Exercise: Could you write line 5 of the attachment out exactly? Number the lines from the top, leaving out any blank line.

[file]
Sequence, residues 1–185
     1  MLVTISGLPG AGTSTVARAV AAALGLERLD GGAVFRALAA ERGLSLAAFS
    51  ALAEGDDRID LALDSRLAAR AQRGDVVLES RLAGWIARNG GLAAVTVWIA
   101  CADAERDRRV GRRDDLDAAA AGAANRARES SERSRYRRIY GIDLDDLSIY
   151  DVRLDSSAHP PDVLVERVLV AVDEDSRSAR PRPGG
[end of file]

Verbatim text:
   151  DVRLDSSAHP PDVLVERVLV AVDEDSRSAR PRPGG